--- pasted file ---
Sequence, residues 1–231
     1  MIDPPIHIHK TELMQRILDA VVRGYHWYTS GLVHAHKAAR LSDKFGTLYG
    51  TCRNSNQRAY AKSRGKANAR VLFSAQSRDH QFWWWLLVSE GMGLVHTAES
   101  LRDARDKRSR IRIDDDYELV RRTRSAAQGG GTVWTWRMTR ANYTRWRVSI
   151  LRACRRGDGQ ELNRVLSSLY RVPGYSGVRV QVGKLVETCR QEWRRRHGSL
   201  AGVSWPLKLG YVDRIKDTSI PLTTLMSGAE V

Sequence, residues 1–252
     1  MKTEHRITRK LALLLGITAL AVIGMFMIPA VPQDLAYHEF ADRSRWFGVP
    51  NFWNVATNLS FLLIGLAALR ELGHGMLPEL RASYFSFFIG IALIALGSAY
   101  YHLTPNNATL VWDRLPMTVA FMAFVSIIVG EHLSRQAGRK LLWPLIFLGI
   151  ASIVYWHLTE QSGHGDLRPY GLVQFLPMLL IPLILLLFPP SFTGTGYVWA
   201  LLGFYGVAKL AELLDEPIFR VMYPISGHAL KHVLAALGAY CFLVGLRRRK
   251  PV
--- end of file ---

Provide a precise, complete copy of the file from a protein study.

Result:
Sequence, residues 1–231
     1  MIDPPIHIHK TELMQRILDA VVRGYHWYTS GLVHAHKAAR LSDKFGTLYG
    51  TCRNSNQRAY AKSRGKANAR VLFSAQSRDH QFWWWLLVSE GMGLVHTAES
   101  LRDARDKRSR IRIDDDYELV RRTRSAAQGG GTVWTWRMTR ANYTRWRVSI
   151  LRACRRGDGQ ELNRVLSSLY RVPGYSGVRV QVGKLVETCR QEWRRRHGSL
   201  AGVSWPLKLG YVDRIKDTSI PLTTLMSGAE V

Sequence, residues 1–252
     1  MKTEHRITRK LALLLGITAL AVIGMFMIPA VPQDLAYHEF ADRSRWFGVP
    51  NFWNVATNLS FLLIGLAALR ELGHGMLPEL RASYFSFFIG IALIALGSAY
   101  YHLTPNNATL VWDRLPMTVA FMAFVSIIVG EHLSRQAGRK LLWPLIFLGI
   151  ASIVYWHLTE QSGHGDLRPY GLVQFLPMLL IPLILLLFPP SFTGTGYVWA
   201  LLGFYGVAKL AELLDEPIFR VMYPISGHAL KHVLAALGAY CFLVGLRRRK
   251  PV